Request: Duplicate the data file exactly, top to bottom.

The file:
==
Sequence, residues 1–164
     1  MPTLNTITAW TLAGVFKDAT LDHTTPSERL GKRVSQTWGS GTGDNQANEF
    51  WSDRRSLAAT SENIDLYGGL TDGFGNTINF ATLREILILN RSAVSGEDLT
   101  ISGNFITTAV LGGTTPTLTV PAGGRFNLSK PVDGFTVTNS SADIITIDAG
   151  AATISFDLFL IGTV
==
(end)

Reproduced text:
Sequence, residues 1–164
     1  MPTLNTITAW TLAGVFKDAT LDHTTPSERL GKRVSQTWGS GTGDNQANEF
    51  WSDRRSLAAT SENIDLYGGL TDGFGNTINF ATLREILILN RSAVSGEDLT
   101  ISGNFITTAV LGGTTPTLTV PAGGRFNLSK PVDGFTVTNS SADIITIDAG
   151  AATISFDLFL IGTV